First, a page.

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As Camilla relaxes on Isle of Wight with Dame Judi Dench, Charles spends day with horses and trees

The Prince of Wales visits Staffordshire (Joe Giddens/PA) Photo: PA Wire/PA Images

As the Duchess of Cornwall enjoyed an ice cream with Dame Judi Dench on the Isle of Wight, the Prince of Wales was in a Staffordshire forest learning about CO2 levels.

Camilla's day with Dame Judi consisted of a trip to Queen Victoria's former home, Osborne House, while Charles spent most of his time with horses and trees.

The prince was taken through the finer points of horse dentistry at Pool House Vet’s Equine Clinic, Staffordshire before heading over to woodland in the county to learn about University of Birmingham’s Institute of Forest Research (BIFoR) Free-Air Carbon Dioxide Enrichment (FACE) experiment.

Dame Judi and Camilla couldn't resist an ice cream in the Isle of Wight heat. Credit: PA

Meanwhile, Dame Judi, who is patron of the Friends of Osborne House, welcomed the duchess to the island after she arrived at the Queen's private beach.

The actress showed Camilla the house's restored Durbar Room, which was one of the locations for Victoria And Abdul, a film starring Dame Judi in the title role.

Camilla and Dame Judi spent time at the Swiss Cottage during their visit to Osborne on the Isle of Wight. Credit: PA

Osborne House was purchased by Victoria and Prince Albert in 1845 and was one of the Queen's favourite family homes - she once said: "It is impossible to imagine a prettier spot."

Charles meets people in Staffordshire Credit: Joe Giddens/PA

In the forest Charles learned about work to model how forests could help tackle climate change.

University of Birmingham’s site was established with a £15 million donation in 2014, to provide fundamental science, social science and cultural research on woodlands and forests.

The prince visited University of Birmingham’s Institute of Forest Research, made up of 80ft-90ft gantry towers in the oak forest. Credit: PA

The outdoor facility is made up of 80ft-90ft gantry towers in the oak forest.

Unveiling a plaque made of planed oak, he quipped: “You’re not going to put it at the top of the tree are you?”

Carbon dioxide is pumped through large pipe workings, up into the canopy and measured at ground and leaf level.

Prince Charles learned about work to model how forests could help tackle climate change. Credit: PA

It is aimed at modelling the effect of CO2 levels based on assumptions of levels in 2050, and using that data to help understand climate changes and what forests might be able to do to help.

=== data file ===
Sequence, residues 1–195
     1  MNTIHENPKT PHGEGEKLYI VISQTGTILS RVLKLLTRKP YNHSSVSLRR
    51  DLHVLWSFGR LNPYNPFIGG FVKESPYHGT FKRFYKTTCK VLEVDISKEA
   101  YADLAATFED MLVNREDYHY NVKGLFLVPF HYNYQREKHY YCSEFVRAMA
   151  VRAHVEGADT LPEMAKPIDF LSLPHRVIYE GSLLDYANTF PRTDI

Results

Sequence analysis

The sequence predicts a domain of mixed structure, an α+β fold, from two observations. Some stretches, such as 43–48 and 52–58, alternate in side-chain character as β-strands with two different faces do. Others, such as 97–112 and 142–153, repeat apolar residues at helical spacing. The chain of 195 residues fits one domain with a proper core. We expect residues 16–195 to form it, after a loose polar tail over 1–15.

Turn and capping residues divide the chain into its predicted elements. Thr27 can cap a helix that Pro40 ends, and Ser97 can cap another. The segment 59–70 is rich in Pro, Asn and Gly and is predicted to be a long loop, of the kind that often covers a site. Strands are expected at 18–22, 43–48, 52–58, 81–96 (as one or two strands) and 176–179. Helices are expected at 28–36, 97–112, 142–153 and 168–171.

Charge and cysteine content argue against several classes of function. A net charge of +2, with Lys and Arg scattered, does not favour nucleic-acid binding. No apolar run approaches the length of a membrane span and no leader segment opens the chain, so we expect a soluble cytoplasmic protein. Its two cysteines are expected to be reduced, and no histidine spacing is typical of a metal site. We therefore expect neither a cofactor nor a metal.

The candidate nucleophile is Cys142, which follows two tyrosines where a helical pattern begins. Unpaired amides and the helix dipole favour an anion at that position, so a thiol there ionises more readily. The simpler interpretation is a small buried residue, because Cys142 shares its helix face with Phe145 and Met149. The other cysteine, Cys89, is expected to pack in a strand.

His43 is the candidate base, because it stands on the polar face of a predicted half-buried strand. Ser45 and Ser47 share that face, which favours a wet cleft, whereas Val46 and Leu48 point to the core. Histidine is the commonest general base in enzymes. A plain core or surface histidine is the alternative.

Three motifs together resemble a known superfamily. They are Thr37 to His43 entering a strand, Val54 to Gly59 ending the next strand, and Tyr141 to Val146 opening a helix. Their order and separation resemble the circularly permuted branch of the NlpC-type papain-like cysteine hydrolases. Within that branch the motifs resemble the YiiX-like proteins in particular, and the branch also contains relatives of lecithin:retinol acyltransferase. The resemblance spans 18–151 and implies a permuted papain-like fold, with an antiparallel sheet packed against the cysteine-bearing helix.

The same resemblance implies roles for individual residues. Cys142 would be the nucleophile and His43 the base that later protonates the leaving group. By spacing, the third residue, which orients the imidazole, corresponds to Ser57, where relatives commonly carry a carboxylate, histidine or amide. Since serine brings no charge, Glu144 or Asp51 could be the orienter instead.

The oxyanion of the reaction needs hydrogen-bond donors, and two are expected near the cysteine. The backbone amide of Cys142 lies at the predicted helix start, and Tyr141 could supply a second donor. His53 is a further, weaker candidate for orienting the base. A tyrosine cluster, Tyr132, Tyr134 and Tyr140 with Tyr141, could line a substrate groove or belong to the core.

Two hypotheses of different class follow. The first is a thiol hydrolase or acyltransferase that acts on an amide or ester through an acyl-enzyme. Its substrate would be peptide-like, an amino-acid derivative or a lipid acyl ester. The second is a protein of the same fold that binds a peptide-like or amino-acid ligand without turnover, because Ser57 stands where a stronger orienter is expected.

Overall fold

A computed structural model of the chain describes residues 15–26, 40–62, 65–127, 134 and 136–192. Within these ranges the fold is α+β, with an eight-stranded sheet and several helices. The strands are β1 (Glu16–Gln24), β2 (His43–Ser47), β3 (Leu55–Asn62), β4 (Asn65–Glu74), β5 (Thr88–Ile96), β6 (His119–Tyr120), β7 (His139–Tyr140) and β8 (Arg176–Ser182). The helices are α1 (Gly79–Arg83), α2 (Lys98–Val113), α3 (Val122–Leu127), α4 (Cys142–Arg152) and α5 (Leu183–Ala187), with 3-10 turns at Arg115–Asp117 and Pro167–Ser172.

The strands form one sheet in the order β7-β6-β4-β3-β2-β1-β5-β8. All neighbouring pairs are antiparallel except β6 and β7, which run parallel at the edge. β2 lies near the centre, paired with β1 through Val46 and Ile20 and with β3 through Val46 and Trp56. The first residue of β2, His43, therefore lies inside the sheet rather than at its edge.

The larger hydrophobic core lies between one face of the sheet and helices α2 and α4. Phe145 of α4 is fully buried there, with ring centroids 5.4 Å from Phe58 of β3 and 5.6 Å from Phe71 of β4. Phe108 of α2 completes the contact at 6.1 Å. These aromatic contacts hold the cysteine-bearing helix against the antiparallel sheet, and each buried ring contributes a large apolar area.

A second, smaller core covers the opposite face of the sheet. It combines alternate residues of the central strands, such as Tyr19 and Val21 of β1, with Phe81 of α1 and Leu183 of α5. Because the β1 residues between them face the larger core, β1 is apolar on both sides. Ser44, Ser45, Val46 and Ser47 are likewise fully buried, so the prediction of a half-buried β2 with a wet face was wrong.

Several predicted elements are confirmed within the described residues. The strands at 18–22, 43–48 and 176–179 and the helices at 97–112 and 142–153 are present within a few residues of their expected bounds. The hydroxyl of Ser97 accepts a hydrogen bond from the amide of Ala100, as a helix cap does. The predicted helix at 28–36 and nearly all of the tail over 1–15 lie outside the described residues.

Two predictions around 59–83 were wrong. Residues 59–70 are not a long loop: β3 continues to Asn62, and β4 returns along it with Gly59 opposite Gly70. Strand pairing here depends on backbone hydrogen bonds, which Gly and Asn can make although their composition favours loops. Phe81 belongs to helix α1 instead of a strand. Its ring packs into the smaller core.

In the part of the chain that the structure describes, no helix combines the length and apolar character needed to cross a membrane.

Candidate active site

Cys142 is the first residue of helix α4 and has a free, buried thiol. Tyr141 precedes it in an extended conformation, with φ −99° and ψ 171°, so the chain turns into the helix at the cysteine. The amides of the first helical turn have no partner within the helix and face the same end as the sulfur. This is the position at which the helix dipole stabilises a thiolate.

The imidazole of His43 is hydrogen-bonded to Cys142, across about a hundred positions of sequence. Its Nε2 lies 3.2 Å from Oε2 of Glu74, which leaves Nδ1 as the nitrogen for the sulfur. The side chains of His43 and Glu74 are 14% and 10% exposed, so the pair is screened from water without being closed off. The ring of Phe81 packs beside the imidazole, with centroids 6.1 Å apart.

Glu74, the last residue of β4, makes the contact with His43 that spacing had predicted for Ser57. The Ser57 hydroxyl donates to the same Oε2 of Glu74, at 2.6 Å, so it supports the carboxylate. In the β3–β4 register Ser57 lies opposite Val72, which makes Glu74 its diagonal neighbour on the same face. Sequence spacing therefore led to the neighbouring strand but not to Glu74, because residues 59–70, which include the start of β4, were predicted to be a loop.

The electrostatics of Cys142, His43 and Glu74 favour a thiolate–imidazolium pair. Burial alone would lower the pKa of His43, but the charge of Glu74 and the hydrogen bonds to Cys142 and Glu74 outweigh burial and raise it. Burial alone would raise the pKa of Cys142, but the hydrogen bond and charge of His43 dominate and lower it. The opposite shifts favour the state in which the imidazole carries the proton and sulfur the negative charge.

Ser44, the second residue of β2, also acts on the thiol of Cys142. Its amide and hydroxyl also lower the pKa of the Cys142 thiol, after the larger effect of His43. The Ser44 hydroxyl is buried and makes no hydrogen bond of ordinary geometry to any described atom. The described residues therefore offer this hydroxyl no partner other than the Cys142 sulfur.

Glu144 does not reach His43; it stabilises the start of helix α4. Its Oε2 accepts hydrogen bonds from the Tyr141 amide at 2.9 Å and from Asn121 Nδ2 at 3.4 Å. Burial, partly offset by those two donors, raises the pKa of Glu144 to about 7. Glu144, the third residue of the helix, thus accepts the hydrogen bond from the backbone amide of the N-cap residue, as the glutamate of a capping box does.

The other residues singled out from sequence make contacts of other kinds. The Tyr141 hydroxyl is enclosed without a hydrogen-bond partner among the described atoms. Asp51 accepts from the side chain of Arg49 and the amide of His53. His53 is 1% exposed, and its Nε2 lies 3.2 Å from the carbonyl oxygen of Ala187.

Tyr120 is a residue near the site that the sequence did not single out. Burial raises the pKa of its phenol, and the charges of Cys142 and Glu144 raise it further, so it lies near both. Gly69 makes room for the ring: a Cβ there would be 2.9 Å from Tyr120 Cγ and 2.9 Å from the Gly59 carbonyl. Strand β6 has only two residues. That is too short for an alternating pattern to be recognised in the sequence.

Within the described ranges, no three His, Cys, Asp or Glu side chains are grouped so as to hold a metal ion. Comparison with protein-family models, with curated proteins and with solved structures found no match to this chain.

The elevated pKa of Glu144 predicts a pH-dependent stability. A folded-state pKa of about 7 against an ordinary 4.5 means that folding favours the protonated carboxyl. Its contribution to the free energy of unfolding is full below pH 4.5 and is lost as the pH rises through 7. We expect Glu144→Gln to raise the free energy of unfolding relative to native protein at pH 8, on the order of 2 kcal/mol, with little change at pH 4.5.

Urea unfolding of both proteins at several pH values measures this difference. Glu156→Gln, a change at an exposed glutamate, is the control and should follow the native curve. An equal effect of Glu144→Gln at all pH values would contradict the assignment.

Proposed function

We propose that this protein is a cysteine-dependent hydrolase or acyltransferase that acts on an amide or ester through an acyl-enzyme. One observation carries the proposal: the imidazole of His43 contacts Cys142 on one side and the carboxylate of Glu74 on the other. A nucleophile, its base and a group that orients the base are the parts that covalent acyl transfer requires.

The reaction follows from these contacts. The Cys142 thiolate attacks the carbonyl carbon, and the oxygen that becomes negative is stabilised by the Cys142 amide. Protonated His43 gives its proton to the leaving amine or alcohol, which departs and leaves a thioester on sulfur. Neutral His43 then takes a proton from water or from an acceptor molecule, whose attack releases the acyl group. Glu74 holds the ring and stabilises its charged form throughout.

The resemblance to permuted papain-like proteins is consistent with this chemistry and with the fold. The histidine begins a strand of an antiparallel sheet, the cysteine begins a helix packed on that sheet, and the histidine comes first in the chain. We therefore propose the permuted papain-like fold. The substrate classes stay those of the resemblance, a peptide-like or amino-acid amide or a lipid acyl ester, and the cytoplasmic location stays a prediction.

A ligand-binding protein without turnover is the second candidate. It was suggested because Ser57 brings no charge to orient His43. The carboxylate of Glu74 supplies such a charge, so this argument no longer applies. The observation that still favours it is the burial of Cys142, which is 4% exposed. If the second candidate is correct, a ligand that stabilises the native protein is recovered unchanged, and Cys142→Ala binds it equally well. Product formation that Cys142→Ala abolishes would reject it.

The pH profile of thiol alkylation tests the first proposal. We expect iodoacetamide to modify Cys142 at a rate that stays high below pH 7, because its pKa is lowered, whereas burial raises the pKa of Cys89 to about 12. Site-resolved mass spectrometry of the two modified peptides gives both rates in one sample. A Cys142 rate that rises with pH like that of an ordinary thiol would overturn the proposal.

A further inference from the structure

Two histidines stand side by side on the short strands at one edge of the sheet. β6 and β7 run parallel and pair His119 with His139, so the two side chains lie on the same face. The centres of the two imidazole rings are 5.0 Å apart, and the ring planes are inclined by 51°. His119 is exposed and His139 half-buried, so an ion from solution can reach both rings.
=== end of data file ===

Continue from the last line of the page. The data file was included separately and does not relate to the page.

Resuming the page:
He was presented with a gift from the university – an engraved bottle found in the forest during construction, which was filled with air from the forest at its predicted CO2 level in 2050.

Accepting the present, he joked with the scientists, researchers and dignitaries: “I’ll be 102 by then.”

Charles at the University of Birmingham research institute in Staffordshire Credit: Joe Giddens/PA

Later in the day Charles visited Pool House Vet’s Equine Clinic and got hands on with the animals when he donned a rubber glove and carried out an ultrasound on a horse which once rode in the same hunts as the royal visitor.

There were grimaces all around the room when he was told that pulling a horse’s tooth can take up to two hours.

The prince met an old acquaintance, Lenny, a 20-year-old horse who was ridden alongside Charles in his hunting days, as he went hands-on with the ultrasound inspection.

Charles shares a laugh with members of the Free-Air Carbon Dioxide Enrichment experiment. Credit: PA

Lenny stood quietly while the royal visitor looked at the ultrasound image of his foreleg on the monitor, and Charles said: “He’s been very patient for a horse – you haven’t tranquillised him have you?”

After touring surgical theatres and stables, he unveiled a plaque and was presented with an ornamental gift by Annie and Martha Withers, aged five and three, the daughters of the clinic’s medical director.

Charles also sat down with Action Oak campaigners who are working to protect the nation’s oak trees from pests and diseases.

Charles also sat down with Action Oak campaigners to discuss protecting oak trees from pests and diseases. Credit: PA

Professor Michael Tausz, director of the University of Birmingham's CO2 experiment, said the facility was “massively important” to understanding and accurately modelling climate change and added that Charles’s visit was “very important”.

“He has such a high profile and can tell people about what we are doing here,” he said.